EXCLUSIVE: DECC's plans for biomethane 'anti-competitive' says UPS
Internal conflicts in Government are restricting the use of biomethane in the transport and logistics sector, which could potentially decarbonise heavy truck fleets, says UPS' director of sustainability for Europe, Middle East and Africa, Peter Harris.
According to Harris, biomethane is arguably the only fully sustainable biofuel available that does not impact the environment through land use.
"When you look at a lot of the liquid biofuels that are out there now in what's called first generation form, they can give you some apparent gains but when you dig deeper below the surface you get into this whole land use debate," adds Harris.
"You have to consider the issues around the crops being grown to give you that biofuel and what would that land otherwise of been doing, have you therefore really made a net gain for society?".
Harris says biomethane avoids this problem because it is made from waste organic matter, such as food waste or even sewerage.
It can be made by capturing the methane gas from a landfill site or it can be produced industrially from an anaerobic digester.
UPS currently has 10 vehicles running on biomethane and it is about to double the fleet to 20. "We'd like to do a lot more but the main thing that is holding us back throughout the UK and Europe is the availability of biomethane.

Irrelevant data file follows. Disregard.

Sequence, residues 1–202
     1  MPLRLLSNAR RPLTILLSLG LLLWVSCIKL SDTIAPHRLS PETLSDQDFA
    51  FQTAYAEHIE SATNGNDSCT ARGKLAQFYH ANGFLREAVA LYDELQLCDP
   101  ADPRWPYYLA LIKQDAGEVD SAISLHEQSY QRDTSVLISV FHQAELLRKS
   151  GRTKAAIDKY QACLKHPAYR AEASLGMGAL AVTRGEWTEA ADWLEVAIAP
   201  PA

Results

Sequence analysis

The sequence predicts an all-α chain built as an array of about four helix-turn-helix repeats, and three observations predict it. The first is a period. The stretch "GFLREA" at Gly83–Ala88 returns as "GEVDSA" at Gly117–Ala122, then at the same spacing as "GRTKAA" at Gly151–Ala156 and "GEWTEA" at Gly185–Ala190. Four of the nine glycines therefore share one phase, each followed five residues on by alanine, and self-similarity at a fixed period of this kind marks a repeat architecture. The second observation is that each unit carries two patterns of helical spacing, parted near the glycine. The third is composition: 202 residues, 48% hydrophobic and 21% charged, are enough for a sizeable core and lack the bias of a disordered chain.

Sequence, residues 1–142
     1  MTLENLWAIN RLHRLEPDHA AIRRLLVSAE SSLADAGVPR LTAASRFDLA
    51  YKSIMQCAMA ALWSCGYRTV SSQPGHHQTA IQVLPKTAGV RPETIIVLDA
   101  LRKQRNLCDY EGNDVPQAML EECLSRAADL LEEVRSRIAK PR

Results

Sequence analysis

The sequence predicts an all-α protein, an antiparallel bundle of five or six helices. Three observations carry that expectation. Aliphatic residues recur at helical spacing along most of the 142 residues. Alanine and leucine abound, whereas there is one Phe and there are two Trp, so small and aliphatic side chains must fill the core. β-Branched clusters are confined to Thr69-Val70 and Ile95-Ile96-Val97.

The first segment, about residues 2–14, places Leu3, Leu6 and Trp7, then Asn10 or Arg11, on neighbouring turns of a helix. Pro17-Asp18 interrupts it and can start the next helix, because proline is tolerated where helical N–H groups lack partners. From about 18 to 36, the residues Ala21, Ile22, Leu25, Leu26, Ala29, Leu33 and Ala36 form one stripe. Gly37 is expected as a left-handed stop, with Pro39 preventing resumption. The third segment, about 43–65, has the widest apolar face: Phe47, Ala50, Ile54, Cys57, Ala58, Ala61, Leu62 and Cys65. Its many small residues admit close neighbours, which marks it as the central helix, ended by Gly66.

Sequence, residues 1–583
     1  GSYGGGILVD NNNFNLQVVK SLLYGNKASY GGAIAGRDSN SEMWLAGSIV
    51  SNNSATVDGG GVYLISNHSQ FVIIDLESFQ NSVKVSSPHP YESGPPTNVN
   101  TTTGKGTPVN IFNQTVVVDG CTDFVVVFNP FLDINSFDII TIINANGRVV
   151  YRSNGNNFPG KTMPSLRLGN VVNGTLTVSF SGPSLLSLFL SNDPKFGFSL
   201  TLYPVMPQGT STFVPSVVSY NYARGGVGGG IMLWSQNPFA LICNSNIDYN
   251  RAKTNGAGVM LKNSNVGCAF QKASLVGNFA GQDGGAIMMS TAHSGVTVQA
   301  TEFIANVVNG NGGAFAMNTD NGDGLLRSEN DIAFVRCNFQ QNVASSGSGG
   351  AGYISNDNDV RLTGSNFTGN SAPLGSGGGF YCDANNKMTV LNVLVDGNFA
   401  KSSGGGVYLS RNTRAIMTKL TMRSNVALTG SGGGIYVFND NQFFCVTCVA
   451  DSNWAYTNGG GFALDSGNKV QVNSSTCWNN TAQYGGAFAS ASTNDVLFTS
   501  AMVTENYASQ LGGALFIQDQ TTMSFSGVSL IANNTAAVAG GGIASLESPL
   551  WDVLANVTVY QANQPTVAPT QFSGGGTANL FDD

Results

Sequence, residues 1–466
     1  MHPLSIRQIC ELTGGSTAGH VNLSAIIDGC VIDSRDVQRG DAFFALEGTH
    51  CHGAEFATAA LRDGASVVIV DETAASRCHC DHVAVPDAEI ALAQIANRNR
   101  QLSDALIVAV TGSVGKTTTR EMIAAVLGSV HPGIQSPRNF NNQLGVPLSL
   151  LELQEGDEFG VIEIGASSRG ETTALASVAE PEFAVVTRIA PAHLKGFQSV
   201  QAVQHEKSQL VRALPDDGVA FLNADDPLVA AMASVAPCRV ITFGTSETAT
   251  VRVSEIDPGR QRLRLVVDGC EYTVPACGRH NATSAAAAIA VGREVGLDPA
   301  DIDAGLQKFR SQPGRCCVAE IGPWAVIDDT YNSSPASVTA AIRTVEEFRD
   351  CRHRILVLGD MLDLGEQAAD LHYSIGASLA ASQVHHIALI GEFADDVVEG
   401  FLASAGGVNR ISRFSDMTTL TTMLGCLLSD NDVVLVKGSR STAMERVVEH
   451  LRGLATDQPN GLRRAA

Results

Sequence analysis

"However, the problem is not with the availability of organic waste, there's plenty of waste when you consider as a planet we manage to waste half the food we produce," he adds.
According to Harris, the issue lies with what happens to the waste, and currently the majority is diverted into the generation of electricity or heat.
Harris says this is better than not using it at all but the industry's argument is that biomethane is one of the "very few, arguably the only fuel right now" which can be used to decarbonise heavy truck fleets.
"We think what is happening right now is anti-competitive and that we don't have the same opportunities that the other industries have.
"Given that there are so few, if any, alternatives in our sector but there are alternatives for the electricity sector, we think we should have an equal crack of the whip and it's about levelling the incentives playing field that exists right now in terms of how this stuff gets used that we're trying to negotiate with government.
Harris holds the Government accountable for the way biomethane is being utilised and departmental conflicts are, he adds, restricting its potential in the sector.
"It's about a lack of joined up Government, so what's happening in the UK for example we have the Department for Transport (DfT), DECC, Defra and the Treasury and they all view this issue through their own eyes," says Harris.
"They are not working together very effectively and we're trying to encourage them to do so because DECC has stolen a lead on the other departments and is really capitalising on this resource for its own purposes, which is electricity and heat and the DfT has been left behind," he adds.